This work introduces a supervised tree-based method dealing with preference rankings as response variable. Tree-based models working with multivariate response variables are present in the literature. The problem with preference rankings is that an ordering can be considered as a unique multidimensional ”entity” rather than a multivariate distribution. For this reason the techniques known in the literature to define split for multivariate response variables are not able to obtain impurity measures which are feasible in this case. Building a tree-based structure with rankings as response variable requires the definition of both a particular impurity measure and an assignment rule: the goodness of the tree-based classifier for rankings depends on this choice. In defining the impurity measure, in this paper we use a distance-based approach. In the framework of preference rankings theory, often on discuss about the meaning of ties: who believes that ties are a positive statement of agreement, and not just indifference declarations, should accept a set axioms formulated by Kemeny (Kemeny, 1964) that should be verified in the definition of a distance measure involving preference rankings. But some experimental design could not contemplate ties. We chose the Kemeny distance as impurity measure because it is sufficiently discriminatory to be used for splitting measure. Moreover, if in some experimental design ties are not allowed, it is proved that it is equivalent to the well known Kendall distance. The problem in using the latter distance is that it can be used only with linear orderings (i.e. when ties are not allowed). Otherwise it can be proved that Kendall distance violates the triangular inequality. The ranking-class assignment rule is the consensus ranking computed by maximizing the Emond and Mason’s rank correlation coefficient (Emond and Mason, 2002). The characterization of the impurity measure suggested us to call our method Distance Based Multivariate Trees for Rankings (DBMTR).

Distance-based multivariate trees for rankings

D'AMBROSIO, ANTONIO
2010

Abstract

This work introduces a supervised tree-based method dealing with preference rankings as response variable. Tree-based models working with multivariate response variables are present in the literature. The problem with preference rankings is that an ordering can be considered as a unique multidimensional ”entity” rather than a multivariate distribution. For this reason the techniques known in the literature to define split for multivariate response variables are not able to obtain impurity measures which are feasible in this case. Building a tree-based structure with rankings as response variable requires the definition of both a particular impurity measure and an assignment rule: the goodness of the tree-based classifier for rankings depends on this choice. In defining the impurity measure, in this paper we use a distance-based approach. In the framework of preference rankings theory, often on discuss about the meaning of ties: who believes that ties are a positive statement of agreement, and not just indifference declarations, should accept a set axioms formulated by Kemeny (Kemeny, 1964) that should be verified in the definition of a distance measure involving preference rankings. But some experimental design could not contemplate ties. We chose the Kemeny distance as impurity measure because it is sufficiently discriminatory to be used for splitting measure. Moreover, if in some experimental design ties are not allowed, it is proved that it is equivalent to the well known Kendall distance. The problem in using the latter distance is that it can be used only with linear orderings (i.e. when ties are not allowed). Otherwise it can be proved that Kendall distance violates the triangular inequality. The ranking-class assignment rule is the consensus ranking computed by maximizing the Emond and Mason’s rank correlation coefficient (Emond and Mason, 2002). The characterization of the impurity measure suggested us to call our method Distance Based Multivariate Trees for Rankings (DBMTR).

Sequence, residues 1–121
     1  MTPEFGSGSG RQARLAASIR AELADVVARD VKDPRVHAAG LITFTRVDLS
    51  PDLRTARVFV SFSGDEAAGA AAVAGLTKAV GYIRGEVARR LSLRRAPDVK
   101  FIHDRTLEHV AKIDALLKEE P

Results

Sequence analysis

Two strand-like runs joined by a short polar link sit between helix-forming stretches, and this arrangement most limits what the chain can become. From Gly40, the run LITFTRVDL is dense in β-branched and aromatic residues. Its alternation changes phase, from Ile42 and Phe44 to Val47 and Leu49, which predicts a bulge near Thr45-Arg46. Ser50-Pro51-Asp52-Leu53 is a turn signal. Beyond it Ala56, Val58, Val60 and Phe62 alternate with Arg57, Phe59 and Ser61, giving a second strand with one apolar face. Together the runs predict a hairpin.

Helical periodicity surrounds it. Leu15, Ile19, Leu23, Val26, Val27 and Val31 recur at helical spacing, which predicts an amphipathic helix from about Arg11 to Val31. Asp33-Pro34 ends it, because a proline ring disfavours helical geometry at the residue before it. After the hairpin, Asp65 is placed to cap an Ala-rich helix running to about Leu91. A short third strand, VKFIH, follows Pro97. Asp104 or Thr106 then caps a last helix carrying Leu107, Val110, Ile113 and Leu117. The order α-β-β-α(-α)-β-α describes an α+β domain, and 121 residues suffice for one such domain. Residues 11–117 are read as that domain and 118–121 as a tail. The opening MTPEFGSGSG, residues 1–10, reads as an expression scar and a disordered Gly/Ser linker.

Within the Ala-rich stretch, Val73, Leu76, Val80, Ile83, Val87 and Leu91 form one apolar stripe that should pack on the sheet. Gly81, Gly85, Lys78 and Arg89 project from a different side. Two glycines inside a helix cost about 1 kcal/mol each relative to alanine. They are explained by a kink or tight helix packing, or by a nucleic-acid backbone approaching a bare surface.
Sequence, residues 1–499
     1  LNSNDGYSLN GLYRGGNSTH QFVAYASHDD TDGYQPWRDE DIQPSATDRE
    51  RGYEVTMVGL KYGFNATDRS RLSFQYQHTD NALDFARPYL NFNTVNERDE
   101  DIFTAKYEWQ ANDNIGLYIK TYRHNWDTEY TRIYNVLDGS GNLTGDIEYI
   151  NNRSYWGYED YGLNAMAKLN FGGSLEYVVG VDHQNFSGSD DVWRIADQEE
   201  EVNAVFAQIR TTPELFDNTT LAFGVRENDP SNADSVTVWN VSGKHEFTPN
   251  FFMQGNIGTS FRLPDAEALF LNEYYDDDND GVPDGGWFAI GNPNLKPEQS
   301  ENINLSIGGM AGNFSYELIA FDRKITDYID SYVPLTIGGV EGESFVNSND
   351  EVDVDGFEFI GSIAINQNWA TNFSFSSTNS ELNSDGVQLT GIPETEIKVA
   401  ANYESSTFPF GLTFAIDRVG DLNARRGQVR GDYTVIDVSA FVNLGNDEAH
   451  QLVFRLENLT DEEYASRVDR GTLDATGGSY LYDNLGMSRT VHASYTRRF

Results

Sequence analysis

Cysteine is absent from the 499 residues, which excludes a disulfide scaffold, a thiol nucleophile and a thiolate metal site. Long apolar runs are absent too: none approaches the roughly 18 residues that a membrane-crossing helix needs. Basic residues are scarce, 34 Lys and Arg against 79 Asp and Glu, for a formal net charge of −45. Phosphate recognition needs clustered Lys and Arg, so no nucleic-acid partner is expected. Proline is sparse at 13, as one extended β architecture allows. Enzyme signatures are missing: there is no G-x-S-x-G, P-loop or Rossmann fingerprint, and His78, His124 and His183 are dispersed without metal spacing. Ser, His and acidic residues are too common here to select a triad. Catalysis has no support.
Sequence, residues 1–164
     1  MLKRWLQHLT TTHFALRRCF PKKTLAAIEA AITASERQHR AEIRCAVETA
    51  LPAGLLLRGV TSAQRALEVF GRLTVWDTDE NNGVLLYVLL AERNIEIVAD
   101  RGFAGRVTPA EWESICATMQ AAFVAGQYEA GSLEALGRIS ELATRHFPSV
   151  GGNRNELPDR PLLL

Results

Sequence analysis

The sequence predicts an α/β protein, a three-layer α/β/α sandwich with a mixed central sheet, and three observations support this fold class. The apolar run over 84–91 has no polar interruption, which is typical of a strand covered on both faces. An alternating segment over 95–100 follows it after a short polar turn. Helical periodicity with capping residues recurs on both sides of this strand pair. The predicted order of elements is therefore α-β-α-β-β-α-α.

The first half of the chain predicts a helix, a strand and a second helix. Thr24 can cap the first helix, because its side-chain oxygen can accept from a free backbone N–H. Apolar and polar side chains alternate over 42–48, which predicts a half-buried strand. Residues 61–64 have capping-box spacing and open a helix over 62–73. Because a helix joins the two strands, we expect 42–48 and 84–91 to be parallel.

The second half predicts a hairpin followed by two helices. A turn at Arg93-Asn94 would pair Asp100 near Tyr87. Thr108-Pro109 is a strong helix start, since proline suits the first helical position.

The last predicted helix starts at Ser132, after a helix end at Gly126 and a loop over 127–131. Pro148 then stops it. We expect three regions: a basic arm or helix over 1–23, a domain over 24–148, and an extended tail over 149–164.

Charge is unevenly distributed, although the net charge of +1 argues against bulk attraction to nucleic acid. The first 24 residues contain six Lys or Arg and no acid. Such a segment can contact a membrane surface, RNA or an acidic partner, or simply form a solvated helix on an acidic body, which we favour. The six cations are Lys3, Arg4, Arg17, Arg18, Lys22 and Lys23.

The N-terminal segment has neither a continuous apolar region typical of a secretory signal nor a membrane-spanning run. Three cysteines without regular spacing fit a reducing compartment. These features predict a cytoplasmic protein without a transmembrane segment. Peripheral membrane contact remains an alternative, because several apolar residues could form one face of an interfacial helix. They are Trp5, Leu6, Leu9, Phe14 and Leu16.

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Utilizza questo identificativo per citare o creare un link a questo documento: https://hdl.handle.net/11588/374436
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